AUSTIN (Nexstar) — Proposals in the Texas Legislature would allow Texas physicians to dispense drugs they prescribe to their patients from their practice. Texas is one of four states where that currently isn’t allowed unless there are specific circumstances.
According to the Texas Employers for Affordable Medications, a coalition formed by the Texas Academy of Family Physicians, Texas law only allows physicians to provide prescription medications in three situations:
- if they are samples supplied by pharmaceutical manufacturers for an indigent pharmaceutical program
- if the doctor practices in a rural area
- if a patient is in “immediate need.”
“What we know is a third or so of prescriptions never get filled,” Dr. Michael Garrett with Direct MD said.
House Bill 1622, filed by Rep. Tom Oliverson, R-Houston, physicians would be able to provide or dispense certain non-controlled medications, but not any controlled substances listed in Schedules II through V. It also requires physicians, prior to dispensing the drugs, to let the patient know that the prescription could be filled at a pharmacy. Rep. Matt Shaheen, R-Plano, has filed House Bill 460, which would also allow physicians to dispense the drugs and charge patients for the medication.
That bill is currently pending in committee.
Texas Employers for Affordable Medications says giving physicians the flexibility to provide medications will increase accessibility and convenience for patients, as well as lower drug costs. Dr. Garrett says he often hears from patients about their concerns over high prices or simply not being able to find the time to get their prescription medications.
“It would help patients in terms of convenience to be able to get their medicine and potentially could save them money over the pharmacy cost of the medication,” Garrett said.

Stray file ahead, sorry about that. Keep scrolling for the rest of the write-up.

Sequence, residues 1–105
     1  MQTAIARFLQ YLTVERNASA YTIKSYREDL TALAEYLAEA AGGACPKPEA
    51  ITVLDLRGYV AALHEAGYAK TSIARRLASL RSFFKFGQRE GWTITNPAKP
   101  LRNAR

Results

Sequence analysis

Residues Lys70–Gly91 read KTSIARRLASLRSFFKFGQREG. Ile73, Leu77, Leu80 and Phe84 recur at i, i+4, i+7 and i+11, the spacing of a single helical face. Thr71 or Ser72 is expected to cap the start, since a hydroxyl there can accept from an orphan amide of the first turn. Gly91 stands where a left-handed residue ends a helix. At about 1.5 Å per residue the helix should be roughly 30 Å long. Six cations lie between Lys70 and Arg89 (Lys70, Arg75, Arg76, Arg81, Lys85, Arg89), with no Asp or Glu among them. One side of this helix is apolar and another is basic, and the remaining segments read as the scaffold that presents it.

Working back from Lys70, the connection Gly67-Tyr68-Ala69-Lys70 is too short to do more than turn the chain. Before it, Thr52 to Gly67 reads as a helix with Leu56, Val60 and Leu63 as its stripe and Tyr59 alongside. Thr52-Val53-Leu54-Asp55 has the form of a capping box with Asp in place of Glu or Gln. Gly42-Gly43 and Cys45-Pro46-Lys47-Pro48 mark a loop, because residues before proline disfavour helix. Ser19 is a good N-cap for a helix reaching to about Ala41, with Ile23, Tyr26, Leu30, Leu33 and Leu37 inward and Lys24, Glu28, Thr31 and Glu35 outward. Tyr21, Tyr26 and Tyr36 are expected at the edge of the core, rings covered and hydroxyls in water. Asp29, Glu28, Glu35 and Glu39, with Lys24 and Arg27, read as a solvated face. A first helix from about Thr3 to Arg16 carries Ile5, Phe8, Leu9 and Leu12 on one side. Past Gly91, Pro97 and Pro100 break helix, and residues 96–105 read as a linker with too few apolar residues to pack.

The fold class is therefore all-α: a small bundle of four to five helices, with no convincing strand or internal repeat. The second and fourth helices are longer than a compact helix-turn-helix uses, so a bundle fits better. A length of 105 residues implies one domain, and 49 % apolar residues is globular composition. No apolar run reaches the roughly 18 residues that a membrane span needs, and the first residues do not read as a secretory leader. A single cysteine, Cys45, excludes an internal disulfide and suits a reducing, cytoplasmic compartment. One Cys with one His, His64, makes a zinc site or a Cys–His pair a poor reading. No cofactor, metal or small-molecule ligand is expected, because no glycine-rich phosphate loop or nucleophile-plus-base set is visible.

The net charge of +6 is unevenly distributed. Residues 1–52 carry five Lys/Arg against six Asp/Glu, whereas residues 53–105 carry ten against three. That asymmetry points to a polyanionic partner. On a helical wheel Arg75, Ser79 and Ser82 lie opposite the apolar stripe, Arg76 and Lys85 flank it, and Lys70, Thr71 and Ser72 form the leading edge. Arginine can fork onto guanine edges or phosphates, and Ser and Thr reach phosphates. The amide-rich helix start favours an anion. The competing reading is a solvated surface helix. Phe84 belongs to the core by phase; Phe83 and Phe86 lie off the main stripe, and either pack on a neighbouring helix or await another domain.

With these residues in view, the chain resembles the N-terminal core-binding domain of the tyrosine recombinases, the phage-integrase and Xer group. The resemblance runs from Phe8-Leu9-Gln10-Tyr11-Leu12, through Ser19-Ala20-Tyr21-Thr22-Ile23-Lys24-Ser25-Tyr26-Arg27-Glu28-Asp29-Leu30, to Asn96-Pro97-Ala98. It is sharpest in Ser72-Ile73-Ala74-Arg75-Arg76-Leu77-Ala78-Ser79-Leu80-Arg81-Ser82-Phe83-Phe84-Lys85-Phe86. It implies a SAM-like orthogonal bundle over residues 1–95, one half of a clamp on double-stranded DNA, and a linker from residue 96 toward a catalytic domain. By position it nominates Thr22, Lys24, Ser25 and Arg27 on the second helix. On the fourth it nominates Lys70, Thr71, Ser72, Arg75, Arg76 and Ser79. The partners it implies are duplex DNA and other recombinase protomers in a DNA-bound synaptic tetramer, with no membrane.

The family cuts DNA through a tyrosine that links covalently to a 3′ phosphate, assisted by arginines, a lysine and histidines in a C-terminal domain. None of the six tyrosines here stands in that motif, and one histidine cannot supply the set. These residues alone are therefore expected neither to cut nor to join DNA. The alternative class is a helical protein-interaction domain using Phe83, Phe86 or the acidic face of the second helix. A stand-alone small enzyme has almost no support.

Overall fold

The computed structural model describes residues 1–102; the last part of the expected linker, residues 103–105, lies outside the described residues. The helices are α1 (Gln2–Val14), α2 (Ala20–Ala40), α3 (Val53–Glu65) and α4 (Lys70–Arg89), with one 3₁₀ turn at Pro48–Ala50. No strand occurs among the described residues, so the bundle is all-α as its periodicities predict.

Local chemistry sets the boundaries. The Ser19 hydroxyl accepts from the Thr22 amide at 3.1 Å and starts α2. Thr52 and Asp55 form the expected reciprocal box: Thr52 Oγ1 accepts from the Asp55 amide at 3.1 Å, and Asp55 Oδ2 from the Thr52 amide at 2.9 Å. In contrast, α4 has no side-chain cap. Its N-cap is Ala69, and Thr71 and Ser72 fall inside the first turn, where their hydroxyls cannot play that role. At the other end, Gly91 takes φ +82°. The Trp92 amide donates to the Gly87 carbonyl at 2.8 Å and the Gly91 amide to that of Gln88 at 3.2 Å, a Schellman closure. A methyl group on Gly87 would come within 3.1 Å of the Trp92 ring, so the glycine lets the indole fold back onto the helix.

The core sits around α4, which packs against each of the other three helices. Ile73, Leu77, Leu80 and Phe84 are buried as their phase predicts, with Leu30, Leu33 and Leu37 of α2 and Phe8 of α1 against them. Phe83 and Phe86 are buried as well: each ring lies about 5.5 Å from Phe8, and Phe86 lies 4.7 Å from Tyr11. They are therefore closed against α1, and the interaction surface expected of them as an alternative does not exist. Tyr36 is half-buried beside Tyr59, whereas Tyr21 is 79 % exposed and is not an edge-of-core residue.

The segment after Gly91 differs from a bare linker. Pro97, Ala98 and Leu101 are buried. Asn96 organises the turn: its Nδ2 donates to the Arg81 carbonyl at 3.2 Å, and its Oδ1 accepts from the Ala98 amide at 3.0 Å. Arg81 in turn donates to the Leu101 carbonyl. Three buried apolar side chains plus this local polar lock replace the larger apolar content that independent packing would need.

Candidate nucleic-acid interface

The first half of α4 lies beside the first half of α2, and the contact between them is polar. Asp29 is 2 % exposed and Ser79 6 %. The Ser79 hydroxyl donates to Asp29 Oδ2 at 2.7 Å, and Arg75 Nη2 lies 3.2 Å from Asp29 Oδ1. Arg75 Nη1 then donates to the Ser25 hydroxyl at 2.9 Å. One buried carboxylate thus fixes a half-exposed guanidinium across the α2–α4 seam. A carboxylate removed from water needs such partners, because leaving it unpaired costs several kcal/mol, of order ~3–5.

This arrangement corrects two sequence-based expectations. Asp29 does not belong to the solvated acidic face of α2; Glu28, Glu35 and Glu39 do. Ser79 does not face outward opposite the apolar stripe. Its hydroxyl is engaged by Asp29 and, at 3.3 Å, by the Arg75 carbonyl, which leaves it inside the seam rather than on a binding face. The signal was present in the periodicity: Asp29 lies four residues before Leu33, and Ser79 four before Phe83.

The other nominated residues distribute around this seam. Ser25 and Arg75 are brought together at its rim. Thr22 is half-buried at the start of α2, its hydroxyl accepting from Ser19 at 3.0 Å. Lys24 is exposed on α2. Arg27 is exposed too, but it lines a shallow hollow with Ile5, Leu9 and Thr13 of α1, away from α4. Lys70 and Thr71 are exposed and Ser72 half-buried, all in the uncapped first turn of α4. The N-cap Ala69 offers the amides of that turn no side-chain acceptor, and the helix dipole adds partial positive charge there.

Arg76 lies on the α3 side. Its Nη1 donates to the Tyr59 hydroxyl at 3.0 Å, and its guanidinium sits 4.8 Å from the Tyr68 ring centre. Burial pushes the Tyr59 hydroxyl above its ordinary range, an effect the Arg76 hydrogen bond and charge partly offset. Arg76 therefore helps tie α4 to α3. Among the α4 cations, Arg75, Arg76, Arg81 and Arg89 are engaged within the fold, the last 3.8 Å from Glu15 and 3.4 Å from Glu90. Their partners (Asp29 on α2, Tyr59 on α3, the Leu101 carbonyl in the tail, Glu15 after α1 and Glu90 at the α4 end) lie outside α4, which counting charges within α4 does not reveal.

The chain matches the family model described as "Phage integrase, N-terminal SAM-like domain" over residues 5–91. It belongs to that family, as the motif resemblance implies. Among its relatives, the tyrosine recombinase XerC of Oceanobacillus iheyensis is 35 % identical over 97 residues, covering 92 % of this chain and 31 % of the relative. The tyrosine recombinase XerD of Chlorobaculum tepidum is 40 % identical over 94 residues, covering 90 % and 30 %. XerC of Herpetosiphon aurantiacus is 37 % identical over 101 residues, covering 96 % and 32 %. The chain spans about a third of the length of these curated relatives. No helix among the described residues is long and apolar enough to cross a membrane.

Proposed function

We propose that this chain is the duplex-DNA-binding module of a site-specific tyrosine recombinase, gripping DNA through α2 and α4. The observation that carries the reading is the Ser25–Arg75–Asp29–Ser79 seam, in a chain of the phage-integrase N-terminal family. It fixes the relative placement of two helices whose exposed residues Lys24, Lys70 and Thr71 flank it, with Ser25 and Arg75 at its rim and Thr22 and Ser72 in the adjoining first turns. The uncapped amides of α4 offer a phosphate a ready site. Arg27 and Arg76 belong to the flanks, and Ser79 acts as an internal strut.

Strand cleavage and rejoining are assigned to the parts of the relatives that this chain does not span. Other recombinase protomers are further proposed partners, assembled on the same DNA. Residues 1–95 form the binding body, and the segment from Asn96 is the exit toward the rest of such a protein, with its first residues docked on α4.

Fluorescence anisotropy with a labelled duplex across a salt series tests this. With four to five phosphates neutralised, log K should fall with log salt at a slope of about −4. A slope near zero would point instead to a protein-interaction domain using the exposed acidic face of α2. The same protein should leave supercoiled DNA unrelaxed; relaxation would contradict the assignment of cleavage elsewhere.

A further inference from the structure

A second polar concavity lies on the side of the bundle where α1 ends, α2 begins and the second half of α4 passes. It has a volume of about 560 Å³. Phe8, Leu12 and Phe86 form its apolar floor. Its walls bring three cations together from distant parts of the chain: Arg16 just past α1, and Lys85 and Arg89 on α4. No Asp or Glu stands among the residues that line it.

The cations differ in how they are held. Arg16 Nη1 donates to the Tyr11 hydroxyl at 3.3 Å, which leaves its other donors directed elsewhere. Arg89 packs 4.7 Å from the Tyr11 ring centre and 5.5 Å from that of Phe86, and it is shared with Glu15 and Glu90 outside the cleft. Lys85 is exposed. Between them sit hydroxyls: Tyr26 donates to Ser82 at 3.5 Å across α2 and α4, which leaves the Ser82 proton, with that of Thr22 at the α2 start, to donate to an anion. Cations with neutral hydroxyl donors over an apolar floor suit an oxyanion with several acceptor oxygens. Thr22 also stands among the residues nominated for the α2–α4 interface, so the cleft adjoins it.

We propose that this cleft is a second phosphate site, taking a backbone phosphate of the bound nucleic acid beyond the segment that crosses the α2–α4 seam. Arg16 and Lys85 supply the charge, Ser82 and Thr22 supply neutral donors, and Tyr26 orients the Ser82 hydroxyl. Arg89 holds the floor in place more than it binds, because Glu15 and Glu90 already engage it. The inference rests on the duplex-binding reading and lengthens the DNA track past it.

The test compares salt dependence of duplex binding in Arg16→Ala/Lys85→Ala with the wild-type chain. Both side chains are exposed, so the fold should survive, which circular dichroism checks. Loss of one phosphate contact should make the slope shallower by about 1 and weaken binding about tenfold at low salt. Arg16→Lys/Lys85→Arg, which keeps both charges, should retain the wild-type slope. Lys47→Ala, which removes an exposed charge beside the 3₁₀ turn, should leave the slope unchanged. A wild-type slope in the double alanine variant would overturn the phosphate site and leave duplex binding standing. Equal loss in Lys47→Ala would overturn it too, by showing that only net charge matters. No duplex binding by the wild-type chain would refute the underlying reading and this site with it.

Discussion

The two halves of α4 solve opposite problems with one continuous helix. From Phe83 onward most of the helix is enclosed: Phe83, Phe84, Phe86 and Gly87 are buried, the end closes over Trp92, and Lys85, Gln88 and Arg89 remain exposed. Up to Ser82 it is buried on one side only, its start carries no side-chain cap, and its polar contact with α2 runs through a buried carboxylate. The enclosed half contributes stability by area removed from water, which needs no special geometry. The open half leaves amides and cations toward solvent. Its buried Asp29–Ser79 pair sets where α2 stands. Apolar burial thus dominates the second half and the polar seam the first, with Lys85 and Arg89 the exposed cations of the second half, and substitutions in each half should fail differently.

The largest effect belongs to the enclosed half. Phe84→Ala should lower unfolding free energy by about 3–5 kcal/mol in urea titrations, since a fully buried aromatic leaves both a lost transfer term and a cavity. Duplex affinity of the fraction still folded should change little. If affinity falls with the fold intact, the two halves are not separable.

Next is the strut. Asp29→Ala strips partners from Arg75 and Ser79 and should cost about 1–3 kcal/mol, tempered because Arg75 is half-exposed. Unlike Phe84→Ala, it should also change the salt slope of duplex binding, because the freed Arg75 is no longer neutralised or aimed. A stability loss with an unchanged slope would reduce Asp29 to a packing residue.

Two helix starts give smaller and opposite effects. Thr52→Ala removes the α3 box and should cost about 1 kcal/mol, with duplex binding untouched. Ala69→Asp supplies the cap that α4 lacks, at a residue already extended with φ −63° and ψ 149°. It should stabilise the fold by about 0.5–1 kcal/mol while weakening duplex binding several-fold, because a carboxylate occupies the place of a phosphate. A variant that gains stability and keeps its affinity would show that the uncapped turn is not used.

This bill would apply to drugs like antibiotics, prescription ibuprofen and other short-term generic medications.
Dr. Chris Larson, with Euphora Health, said he supports this bill because it could help ensure patients actually take the medication they’re supposed to. He often alerts his patients to use a mobile app so they can compare prices of generic drugs. Don Fenton, one of Larson’s patients, learned about the app on Friday. As a small business owner, Fenton says he has to make tough choices when it comes to his healthcare.
“I’m not a rich man,” he said. “It’s like medical insurance or gas? That’s kind of the boat most of us are in.”
“If I were able to dispense the same medication, I can save him money even over what the app might be able to provide for him,” Larson said.
The Texas Pharmacy Association, however, worries about what the bill’s provisions could mean for safety.
“Patient safety is a top priority and pharmacists are the medication experts,” CEO Debbie Garza said in an emailed statement. “Pharmacists know all the medications a patient is taking and how those medications interact. They are trained in the side effects. Physicians do not necessarily have the full patient medication history or depth of knowledge of various medicines.”
Tom Schnorr with Austin Compounding Pharmacy says he doesn’t see a threat to the practice of pharmacy with the legislation.
“I don’t think this is going to cause a sea tide of doctors dispensing medications out of their office because there are requirements in there on proper packaging and proper labeling,” he said.
He also says lawmakers should outline further specifics on packaging and labeling requirements if physicians do end up dispensing drugs.
“My biggest concern is proper labeling, packaging and the infamous making sure there’s followup and counseling.”
Schnorr also said the disagreements between physicians and pharmacists dates back to nearly a decade ago when pharmacists started administering immunization services.
“We threw the first volley back in 1996 with pharmacists getting trained to do injections and doing vaccines,” he said. “That cuts into the bread and butter of the doctors.”
At top of mind for both physicians and pharmacists, though, is the ultimate impact on the patients.
“All this will do is allow them the opportunity to potentially get it at their physician’s office if it’s more convenient,” Garrett said.
Previous versions of these bills were filed in the 85th Legislative Session, but never made it through the entire legislative process. Both bills are currently in committee.